nittSinn in this mvlinn :if Ihr 3"'ia "vum itv ioi '. v
Ji i I Dcneficial to mankind at large
arc opposed to the Mate wide stock ."f '
io,., iw.;n ,. ,.,.,! ii, I that there had been too much criticism
r; f . i i , . K . I rf 1 nr. rniirta In th Allpn rasp Thl
rn ill 1 1 1 1 1 lann id tin- . . " ... - - --- ... - - --
nitA h n rrf-t f a a court and the church are the asfe
uuiu w feivui UVUI Jl WHIIIUtt . ill 1 . I J
.( aI mskttv hn Hn Ir- mi I nnrl
tition was circulated in this section Vr! . l ij"
lew days ago and evcrv person whol8nou,a m uPne,u
, . , i -, - . . , - .
owns lann signeu against tne law ncing
nasaco. i nis incioenr niainiv ri,m,.n
strates the teehng of the people of IIArr lUNIiNoa A I VBKNUL1A
Perfection in regards to this nronoawl
infrigement on their rights as American Journal Correspondent Snap Shots
cit ticns. 1 here arc a few who arc in 1 Kaaeing 1 nrong.
favor of the law but thev livo in -a I (Special tothe Journal)
pr.rrely w-i ded section and natura lvl Vernona; -Wlarcn II. r. u. nan
lav. but Kill's at stake. For our nart spent Sunday afternoon with his broth
er do u t want this law passed and cr D. J. Hall at Gale Creek,
will do all in our power to prevent it. Misses Maggie Adams and Eudora
W. l. Lancaster and John Sutton Dixon of Broad Creek were the guests
spent yesterday at Dover attending of Misses Annie and Lonnie Gould
to business matter-. Saturday night and Sunday.
Claude lr.ock is nutiinu in full timol L. Tolson of Wild wood has 'been
at his new. saw mill and is turning out I working on N. H. Garner's new home
a quantity oi work.
I he tanners in I Ins section arc mak
Editor the Journal:
I read with much interest the articles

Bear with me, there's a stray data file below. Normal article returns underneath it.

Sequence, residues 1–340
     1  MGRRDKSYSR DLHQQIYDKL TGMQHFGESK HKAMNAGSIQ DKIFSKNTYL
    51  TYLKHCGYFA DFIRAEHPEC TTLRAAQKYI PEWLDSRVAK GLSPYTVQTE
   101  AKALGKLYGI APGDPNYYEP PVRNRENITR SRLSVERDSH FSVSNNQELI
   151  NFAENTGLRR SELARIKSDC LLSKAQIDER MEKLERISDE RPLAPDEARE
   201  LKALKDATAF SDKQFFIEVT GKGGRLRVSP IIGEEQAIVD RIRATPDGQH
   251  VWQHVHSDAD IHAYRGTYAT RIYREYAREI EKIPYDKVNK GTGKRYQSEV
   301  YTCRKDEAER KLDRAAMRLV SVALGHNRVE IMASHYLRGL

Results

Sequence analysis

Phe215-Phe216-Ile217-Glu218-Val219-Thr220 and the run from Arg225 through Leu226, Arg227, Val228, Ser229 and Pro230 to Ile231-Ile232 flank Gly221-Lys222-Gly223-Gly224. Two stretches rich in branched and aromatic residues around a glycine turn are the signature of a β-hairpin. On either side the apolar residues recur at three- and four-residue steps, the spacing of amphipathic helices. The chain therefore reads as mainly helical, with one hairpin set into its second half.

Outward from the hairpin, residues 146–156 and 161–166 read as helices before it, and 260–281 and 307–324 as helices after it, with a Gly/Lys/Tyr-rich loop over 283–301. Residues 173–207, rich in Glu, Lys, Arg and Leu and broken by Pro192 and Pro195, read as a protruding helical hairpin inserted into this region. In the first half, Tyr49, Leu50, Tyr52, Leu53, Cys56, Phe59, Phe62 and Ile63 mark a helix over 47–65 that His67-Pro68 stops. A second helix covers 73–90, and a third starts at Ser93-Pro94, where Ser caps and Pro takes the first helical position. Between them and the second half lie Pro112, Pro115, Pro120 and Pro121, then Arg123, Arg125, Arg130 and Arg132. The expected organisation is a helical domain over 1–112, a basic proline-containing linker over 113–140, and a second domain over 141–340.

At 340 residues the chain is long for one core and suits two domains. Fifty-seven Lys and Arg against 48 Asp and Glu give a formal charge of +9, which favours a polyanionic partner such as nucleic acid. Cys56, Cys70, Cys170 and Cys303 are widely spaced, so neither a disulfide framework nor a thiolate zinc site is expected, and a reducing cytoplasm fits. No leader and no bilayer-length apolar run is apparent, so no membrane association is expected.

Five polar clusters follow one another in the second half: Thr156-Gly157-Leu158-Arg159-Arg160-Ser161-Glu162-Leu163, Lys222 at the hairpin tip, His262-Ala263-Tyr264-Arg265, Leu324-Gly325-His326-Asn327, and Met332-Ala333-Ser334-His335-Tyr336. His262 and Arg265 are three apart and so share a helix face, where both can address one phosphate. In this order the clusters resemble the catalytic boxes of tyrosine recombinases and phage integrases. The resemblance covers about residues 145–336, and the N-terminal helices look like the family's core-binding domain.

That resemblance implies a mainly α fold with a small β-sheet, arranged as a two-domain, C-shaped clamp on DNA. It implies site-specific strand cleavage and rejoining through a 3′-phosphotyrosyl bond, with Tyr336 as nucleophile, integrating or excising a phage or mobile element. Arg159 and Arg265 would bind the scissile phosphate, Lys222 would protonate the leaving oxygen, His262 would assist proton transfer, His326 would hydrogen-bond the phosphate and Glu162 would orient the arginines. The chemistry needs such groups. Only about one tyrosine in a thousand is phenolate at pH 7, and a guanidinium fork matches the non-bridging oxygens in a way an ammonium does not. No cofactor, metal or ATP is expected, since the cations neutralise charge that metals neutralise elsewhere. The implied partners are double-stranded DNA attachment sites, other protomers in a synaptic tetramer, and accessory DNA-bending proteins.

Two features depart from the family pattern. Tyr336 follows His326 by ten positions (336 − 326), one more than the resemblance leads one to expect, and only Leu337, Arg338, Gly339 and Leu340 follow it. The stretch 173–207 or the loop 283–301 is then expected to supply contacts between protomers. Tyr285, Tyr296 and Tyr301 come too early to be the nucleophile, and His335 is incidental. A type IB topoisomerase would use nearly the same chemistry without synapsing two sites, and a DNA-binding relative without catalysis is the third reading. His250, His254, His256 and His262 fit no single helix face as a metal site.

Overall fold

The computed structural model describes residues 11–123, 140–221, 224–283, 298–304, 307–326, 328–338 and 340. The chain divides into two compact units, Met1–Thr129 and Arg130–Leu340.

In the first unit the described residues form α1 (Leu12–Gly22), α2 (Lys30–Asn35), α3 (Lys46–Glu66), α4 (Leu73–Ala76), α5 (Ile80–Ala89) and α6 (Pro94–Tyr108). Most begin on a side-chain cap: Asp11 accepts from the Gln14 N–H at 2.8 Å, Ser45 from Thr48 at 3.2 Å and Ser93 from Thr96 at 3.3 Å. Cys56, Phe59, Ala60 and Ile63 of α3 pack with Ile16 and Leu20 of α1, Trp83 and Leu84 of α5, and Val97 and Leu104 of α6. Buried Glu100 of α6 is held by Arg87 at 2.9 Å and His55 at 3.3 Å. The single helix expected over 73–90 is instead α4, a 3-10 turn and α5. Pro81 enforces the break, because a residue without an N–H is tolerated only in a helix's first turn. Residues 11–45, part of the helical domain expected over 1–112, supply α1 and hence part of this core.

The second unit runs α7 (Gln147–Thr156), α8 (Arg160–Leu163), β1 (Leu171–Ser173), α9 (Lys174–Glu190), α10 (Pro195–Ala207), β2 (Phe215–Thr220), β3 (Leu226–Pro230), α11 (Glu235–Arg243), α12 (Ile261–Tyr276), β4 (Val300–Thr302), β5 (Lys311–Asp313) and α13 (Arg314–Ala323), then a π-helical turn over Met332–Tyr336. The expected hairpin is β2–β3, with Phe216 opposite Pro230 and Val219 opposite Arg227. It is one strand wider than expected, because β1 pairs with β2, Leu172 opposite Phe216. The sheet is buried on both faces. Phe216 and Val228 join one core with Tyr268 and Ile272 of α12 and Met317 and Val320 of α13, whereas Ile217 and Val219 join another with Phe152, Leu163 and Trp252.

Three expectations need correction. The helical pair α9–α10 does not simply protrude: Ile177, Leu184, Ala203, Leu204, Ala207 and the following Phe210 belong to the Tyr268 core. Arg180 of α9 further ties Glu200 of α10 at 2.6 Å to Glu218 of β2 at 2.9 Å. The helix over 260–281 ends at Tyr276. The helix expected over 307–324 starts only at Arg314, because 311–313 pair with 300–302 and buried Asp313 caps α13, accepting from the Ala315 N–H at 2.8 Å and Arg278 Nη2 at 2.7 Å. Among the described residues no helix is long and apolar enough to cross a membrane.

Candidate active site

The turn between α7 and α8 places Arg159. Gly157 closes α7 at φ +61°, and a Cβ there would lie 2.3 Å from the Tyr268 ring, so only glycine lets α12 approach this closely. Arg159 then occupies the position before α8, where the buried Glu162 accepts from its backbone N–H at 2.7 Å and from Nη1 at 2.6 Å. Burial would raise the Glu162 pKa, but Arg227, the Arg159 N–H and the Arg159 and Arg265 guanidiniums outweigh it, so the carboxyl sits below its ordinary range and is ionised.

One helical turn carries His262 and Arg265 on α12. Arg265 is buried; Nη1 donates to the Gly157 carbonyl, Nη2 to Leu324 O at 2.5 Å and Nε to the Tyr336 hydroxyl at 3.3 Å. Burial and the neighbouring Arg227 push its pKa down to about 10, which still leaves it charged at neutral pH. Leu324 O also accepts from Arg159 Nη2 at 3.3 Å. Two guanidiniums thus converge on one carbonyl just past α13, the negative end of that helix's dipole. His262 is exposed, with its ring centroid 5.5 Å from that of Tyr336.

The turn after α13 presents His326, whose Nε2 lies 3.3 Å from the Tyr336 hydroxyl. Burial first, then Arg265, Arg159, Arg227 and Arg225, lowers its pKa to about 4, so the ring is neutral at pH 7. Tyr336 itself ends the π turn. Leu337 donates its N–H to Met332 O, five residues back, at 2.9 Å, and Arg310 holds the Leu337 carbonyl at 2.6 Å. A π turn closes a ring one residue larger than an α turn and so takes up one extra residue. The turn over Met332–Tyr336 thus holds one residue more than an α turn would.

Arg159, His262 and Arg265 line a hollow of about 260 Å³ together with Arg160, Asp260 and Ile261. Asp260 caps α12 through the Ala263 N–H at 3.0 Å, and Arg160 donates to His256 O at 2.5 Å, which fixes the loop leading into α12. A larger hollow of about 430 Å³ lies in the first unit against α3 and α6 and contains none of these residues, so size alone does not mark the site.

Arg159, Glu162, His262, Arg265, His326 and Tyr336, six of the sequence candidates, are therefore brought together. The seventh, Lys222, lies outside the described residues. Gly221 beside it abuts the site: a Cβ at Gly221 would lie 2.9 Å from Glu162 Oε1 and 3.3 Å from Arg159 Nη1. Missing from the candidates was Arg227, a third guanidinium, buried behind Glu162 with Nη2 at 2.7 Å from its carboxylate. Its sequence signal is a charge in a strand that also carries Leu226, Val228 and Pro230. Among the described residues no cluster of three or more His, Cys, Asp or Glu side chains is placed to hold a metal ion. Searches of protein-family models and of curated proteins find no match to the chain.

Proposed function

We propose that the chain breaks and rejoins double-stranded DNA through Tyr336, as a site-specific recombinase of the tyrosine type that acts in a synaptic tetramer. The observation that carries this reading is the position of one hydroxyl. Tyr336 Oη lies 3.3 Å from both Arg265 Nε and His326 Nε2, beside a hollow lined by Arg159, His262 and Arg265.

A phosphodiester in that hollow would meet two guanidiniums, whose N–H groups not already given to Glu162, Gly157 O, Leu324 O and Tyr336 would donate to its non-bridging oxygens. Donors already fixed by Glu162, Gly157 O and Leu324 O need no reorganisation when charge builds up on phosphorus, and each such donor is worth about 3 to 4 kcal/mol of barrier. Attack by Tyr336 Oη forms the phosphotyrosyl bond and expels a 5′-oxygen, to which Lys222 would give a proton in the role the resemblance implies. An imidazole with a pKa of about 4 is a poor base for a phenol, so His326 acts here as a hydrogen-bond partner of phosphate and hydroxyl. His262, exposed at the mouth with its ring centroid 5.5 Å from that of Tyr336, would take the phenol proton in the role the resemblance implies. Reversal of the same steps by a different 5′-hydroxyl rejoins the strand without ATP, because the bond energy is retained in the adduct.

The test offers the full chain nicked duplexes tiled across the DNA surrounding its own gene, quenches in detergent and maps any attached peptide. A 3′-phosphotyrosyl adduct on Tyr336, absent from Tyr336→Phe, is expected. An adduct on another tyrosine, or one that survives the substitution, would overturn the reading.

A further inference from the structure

published in your paper ' under the
caption of "State Wide Stock Law".
Mr. Editor, if Mr. Voter and several
others would just stop for a moment
and think how much more North Caro
lina would be worth today-if there had
been a stock law in it thirty years ago,
thtv. would come to a conclusion dif
ferent from that expressed in their
communications. A stock law would
be the means of stoopiw SO manv forest
fires that do so mucluda"magc to tinToer
and destroy the young trees.
About fifteen vears ai;o 1 visited INcw
Hanover county and the people seemed
to be badly hurt over the result of
having no fences. Two years ago 1
visited the same place and they seemed
to be getting along all right. I spent
a week there looking over conditions.
Last January the people tcld me that
they would not again have their stock
running at large for anyt-hing.
I think a State-wide stock law would
be a great thing for the farmers and
their stock also. I have a few cows
and I could get better results from one
good cow than I can from all 1 now
own. It costs me more to keep other
people's cows out than to keep mine,
in. Stop the hogs from running at
large also and stop more of the disease
and in five years we would not have the
law rcealled for anything.
Pelletier, Nl C. March 10.
Bethany Christian Congregation
Erecting Edifice.
(Special to the Journal)
Araiahoe. March 11 The Congre
gation of Bethany Christian church
at this c acc are buildinn a new nouse
of worship which, when completed, will
be a credit to the town. 1 he I-adics
Aid Society is claying an important
part in the crcc .ionof this edifice. Tlftv
are now preparing a "name quilt"
which is to be sold next Saturday nvglit
to the highest bidder. The quilt con
tains the name ct every person wno
contributed " ten cents towards the
Durchasc of each of the s luarcs.
The farmers in this stc ion are very
busy just at this time planting potatoes.
Local citizens who visited Washing
ton and witnessed the inauguration
and those who did not attend the event
but who read the newspaper accounts
of the affair, marvelled at the enormous
proportions and the large number ot
grandstands which had been erected
at various points of vantage along the
ine of'the inaugiinit' "parade. It is a
ia:t wortny ct mention tnat every iooi
of lumber used in the erection of these
grandstands was shipped from New
liern and was manufactured at local
Three solid barge loads of timber
was used in this work and it left this
port about two weeks before the inau
(juration, arriving in the capital city
about four days before the big event;
when a small army ol carpenters at
once began the work of erecting th;
big stands which seated thousands ot
"Observer" Returns To The Charge
With a Big Supply of New
Declares That Home Grown Beef
Is As Finely Flavored And
As Palatable as Any.
Mr. Editor:
Tell Experiences Of Crew Who
Manned the Elfrida When
She Was Aground.
Food Ran Low and Sailors On
Storm-Tossed .Shoal Faced
Kinston, N. C, March 12. A war-
'A cbse observer "has ingeniously rant omcer of the sixth division of